During the early '70s, as relations among Airplane members deteriorated, Jorma and Jack devoted more and more of their time to Hot Tuna. In 1971, the Airplane launched its own label, Grunt Records, as a vehicle for both bands as well as solo projects. The incessant recording resulted in interchangeable tracks. For example, Jorma's Trial by Fire, on the Airplane's Long John Silver (1972), was originally a Hot Tuna track, and even featured Tuna's drummer, Sammy Piazza. For Jorma, who was admittedly not a prolific songwriter, this patchwork style of recording proved enormously frustrating.
In Third Week in the Chelsea (Bark, 1971), Jorma eloquently expresses his thoughts on the disintegration of the Airplane and the public image they had to uphold: "So we go on moving trying to make this image real/ straining every nerve not knowing what we really feel." A year later, Jorma and Jack left the band to concentrate on Hot Tuna. Jorma told VH-1 in 1998 that the Airplane was draining him physically, emotionally, and spiritually.
Hot Tuna continued to record and perform until 1978. Jorma then went solo, but with little commercial success. (At one point, the many tattooed guitarist dyed his hair blonde to fit into the punk rock scene.) Then in 1983, he and Jack reformed Hot Tuna on a part-time basis, a relationship that continues to the present. Jorma has also performed in various other combinations, such as with Tuna guitarist Michael Falzarano as Kaukarano.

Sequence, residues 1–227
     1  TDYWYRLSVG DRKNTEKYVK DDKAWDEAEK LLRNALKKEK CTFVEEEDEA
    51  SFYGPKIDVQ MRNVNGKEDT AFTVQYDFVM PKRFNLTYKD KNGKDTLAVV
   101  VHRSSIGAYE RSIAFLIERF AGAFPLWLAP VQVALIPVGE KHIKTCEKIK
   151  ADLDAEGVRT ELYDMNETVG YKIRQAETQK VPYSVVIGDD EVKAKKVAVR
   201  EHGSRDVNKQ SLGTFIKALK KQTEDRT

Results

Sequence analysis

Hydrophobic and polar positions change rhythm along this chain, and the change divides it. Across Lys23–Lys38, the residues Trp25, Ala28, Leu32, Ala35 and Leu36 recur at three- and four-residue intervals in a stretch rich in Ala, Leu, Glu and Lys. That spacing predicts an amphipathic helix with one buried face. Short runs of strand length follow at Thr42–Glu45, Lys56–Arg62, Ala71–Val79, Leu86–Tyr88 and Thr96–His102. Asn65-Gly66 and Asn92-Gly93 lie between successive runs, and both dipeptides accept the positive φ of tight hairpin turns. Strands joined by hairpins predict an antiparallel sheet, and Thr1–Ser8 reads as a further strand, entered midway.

In 1989, Jorma and Jack were "talked into" a Jefferson Airplane reunion. Jorma later said that he found very little creativity in the project -- the only songs recorded "live" in the studio were his three contributions, featuring himself, Jack, and drummer Kenny Aronoff. Jorma was also dissatisfied with the tour that followed: he later admitted that he would fake playing Miracles and other songs he didn't care for or allow his brother, Peter Kaukonen, to play them. The tour also proved to be a financial loss, which Jorma blames on Grace Slick's insistence on using a large backing band and new management.
Jorma's marriage to Margaretta ended in 1987. She died of liver disease about ten years later. In 1992, Jorma married Vanessa Lillian. Three years earlier, they had moved to Meigs, OH, and founded the Fur Peace Guitar Ranch, where Jorma continues to teach traditional American music to young musicians.